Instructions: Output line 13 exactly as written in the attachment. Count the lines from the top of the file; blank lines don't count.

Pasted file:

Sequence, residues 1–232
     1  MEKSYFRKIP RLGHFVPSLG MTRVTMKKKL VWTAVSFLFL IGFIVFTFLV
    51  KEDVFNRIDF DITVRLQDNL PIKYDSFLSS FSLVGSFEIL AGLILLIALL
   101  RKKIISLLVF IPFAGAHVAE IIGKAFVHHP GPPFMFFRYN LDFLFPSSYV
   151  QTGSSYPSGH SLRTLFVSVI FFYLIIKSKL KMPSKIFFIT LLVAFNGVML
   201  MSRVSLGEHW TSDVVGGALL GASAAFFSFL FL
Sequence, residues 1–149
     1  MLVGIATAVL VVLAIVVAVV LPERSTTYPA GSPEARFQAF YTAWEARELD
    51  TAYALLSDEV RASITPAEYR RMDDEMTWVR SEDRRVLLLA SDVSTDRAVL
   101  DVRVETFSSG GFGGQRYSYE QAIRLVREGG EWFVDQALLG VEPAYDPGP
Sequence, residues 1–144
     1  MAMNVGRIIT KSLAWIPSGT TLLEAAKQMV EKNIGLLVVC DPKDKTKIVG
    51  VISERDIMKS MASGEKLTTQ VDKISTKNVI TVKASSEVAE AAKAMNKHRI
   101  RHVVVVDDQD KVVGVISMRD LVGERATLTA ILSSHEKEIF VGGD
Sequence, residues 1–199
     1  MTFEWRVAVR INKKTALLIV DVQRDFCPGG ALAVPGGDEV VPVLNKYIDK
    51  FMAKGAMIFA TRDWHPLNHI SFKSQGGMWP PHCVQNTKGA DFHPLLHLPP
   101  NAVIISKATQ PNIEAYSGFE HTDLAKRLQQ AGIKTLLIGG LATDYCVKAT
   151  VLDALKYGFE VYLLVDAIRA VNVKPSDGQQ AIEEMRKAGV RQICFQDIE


    51  VISERDIMKS MASGEKLTTQ VDKISTKNVI TVKASSEVAE AAKAMNKHRI